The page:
Furthermore, on the 3rd May, the Conservative Government rushed through Parliament further restrictive legislation to counter the democratic right to protest. The Public Order Act 2023 introduced yet more oppressive powers to restrict people’s fundamental rights to peaceful protest. It comprises of a shopping list for an authoritarian government.

As Stop The War Coalition highlighted a few days ago, the further laws outlined in the Public Order Act 2023 will see further restrictions to our rights by:
– setting a very low threshold to define disruptive protesting;
– giving police significant new powers to prevent protests occurring outside of major transport networks, oil and gas and energy supplies (with a maximum penalty of 12 months’ imprisonment, an unlimited fine, or both);
– introducing a new offence of obstructing major transport works (with a maximum penalty of 6 months imprisonment, an unlimited fine or both);
– making ‘locking on’ or going equipped to ‘lock-on’ a new criminal offence;
– extending the use of stop and search powers – including suspicion-less stop and search – to protests;
– introducing of new protest banning orders – the Serious Disruptive Prevention Order – that would prevent individuals from attending protests at all;
– enabling the Secretary of State to bring civil proceedings in relation to protest activity where protest action is causing, or is likely to cause, serious disruption to key national infrastructure or access to essential goods or services in England and Wales.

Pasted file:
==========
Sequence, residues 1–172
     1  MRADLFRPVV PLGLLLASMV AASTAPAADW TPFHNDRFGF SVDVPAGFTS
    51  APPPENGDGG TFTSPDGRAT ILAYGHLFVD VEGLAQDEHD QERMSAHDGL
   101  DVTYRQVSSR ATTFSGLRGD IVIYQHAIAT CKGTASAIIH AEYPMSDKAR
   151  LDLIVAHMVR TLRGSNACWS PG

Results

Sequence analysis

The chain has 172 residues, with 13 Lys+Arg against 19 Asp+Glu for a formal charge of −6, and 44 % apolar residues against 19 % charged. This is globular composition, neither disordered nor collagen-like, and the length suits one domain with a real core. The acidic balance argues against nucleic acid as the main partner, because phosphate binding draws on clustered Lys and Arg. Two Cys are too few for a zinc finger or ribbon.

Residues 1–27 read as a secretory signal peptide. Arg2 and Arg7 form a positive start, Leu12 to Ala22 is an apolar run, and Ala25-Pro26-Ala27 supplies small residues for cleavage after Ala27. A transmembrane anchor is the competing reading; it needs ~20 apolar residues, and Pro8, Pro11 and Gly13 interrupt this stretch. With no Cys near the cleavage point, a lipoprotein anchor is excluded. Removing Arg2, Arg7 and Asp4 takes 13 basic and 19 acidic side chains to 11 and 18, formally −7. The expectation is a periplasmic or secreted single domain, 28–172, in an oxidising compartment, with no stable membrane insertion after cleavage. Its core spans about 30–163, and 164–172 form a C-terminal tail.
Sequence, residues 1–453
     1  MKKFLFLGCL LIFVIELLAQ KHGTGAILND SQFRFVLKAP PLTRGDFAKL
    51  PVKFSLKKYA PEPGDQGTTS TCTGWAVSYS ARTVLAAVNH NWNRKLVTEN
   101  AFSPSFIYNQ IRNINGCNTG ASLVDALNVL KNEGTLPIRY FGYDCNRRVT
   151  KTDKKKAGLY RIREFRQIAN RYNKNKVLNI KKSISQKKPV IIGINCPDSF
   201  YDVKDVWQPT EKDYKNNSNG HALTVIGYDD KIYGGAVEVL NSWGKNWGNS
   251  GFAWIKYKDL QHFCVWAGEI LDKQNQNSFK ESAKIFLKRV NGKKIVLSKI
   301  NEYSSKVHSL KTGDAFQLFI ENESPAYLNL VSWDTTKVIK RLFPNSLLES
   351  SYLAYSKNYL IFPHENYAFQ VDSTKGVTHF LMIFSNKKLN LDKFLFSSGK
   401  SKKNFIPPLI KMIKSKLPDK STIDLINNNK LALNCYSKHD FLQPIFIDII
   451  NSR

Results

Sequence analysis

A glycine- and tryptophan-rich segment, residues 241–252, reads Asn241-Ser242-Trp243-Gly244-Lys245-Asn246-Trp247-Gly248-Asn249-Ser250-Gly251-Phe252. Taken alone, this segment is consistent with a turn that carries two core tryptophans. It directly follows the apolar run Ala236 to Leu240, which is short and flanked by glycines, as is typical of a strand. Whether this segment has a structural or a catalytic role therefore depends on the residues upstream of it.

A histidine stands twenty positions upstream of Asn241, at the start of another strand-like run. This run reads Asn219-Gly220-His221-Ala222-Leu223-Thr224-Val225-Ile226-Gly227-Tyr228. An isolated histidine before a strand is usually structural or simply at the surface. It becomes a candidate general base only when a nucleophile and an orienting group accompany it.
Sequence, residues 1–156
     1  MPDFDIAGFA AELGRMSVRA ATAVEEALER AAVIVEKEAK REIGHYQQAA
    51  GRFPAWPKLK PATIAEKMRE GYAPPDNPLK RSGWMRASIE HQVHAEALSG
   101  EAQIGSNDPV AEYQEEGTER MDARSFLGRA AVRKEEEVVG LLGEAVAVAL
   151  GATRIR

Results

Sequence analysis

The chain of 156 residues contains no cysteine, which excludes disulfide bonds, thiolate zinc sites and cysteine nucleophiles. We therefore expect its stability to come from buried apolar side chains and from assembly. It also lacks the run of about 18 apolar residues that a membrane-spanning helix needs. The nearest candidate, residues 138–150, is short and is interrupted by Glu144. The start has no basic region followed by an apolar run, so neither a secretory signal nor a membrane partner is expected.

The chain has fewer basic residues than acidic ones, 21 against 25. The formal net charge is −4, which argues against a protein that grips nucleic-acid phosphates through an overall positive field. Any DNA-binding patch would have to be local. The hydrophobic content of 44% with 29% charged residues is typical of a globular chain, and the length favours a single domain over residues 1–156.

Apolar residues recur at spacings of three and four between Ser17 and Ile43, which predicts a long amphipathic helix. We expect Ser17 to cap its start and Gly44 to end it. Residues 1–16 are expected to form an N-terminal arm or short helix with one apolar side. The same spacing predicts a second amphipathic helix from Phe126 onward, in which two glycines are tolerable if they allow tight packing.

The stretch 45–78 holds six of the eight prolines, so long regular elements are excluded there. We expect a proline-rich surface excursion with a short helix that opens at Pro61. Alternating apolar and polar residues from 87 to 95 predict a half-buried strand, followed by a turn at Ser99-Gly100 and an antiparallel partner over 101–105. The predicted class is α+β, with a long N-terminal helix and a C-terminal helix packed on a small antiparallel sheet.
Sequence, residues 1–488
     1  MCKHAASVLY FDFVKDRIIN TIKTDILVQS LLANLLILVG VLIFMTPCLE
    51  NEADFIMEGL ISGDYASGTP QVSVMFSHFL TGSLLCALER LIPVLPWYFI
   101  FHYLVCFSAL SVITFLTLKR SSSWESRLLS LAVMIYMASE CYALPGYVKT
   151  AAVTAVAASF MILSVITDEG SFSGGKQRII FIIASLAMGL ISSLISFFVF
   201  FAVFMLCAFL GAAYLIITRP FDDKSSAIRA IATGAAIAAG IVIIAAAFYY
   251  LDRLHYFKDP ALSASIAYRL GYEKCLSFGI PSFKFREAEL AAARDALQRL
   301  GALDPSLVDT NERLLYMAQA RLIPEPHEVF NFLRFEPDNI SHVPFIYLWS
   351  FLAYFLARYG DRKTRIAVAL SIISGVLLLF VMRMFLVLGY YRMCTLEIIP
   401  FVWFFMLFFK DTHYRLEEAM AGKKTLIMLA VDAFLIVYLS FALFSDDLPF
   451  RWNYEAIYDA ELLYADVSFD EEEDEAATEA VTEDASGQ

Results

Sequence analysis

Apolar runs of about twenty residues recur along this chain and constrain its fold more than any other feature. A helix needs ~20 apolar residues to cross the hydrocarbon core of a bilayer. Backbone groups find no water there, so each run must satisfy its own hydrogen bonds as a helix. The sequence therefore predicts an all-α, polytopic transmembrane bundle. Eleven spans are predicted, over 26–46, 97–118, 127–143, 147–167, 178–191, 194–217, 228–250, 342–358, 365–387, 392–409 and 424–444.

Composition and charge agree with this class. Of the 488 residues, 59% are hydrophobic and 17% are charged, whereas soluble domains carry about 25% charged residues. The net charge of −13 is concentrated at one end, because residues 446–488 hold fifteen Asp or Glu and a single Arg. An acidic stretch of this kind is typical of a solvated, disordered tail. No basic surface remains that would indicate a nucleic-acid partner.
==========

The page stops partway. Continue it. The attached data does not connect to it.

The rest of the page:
Yasmine Ahmed, the UK director of Human Rights Watch, condemned the arrests yesterday, saying: “The reports of people being arrested for peacefully protesting against the coronation are incredibly alarming. This is something you would expect to see in Moscow, not London. Peaceful protests allow individuals to hold those in power to account, something the UK government seems increasingly averse to,” she said.

In the face of all of this, it is important to remind ourselves about Article 19 of The Universal Declaration of Human Rights, a milestone document in the history of human rights, drafted by representatives with different legal and cultural backgrounds from all regions of the world, and proclaimed by the United Nations General Assembly in Paris on 10 December 1948:

“Everyone has the right to freedom of opinion and expression…”

— The Universal Declaration of Human Rights – article 19

In fact, Volker Turk, UN High Commissioner for Human Rights, recently released the following statement:

“This new law imposes serious and undue restrictions on these rights that are neither necessary nor proportionate to achieve a legitimate purpose as defined under international law. It is especially worrying that the law expands the powers of the police to stop and search individuals, including without suspicion; defines some of the new criminal offences in a vague and overly broad manner; and imposes unnecessary and disproportionate criminal sanctions on people organizing or taking part in peaceful protests.”

— Volker Turk, UN High Commissioner for Human Rights

After yesterday, the crown will weigh heavier than ever on a country that has been colonialisng, bombing and setting coups all over the world in the name of a so-called “democracy”.

Manlio Pertout – The Human Exploring Society